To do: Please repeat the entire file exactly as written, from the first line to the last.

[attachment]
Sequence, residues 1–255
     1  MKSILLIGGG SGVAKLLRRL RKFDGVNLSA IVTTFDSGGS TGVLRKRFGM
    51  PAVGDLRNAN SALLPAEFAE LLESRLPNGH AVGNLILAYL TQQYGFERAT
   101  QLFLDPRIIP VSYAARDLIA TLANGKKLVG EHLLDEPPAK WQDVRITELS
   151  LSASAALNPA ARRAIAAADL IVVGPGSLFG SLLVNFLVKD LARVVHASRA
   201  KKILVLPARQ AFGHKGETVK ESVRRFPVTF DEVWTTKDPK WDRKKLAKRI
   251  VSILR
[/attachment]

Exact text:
Sequence, residues 1–255
     1  MKSILLIGGG SGVAKLLRRL RKFDGVNLSA IVTTFDSGGS TGVLRKRFGM
    51  PAVGDLRNAN SALLPAEFAE LLESRLPNGH AVGNLILAYL TQQYGFERAT
   101  QLFLDPRIIP VSYAARDLIA TLANGKKLVG EHLLDEPPAK WQDVRITELS
   151  LSASAALNPA ARRAIAAADL IVVGPGSLFG SLLVNFLVKD LARVVHASRA
   201  KKILVLPARQ AFGHKGETVK ESVRRFPVTF DEVWTTKDPK WDRKKLAKRI
   251  VSILR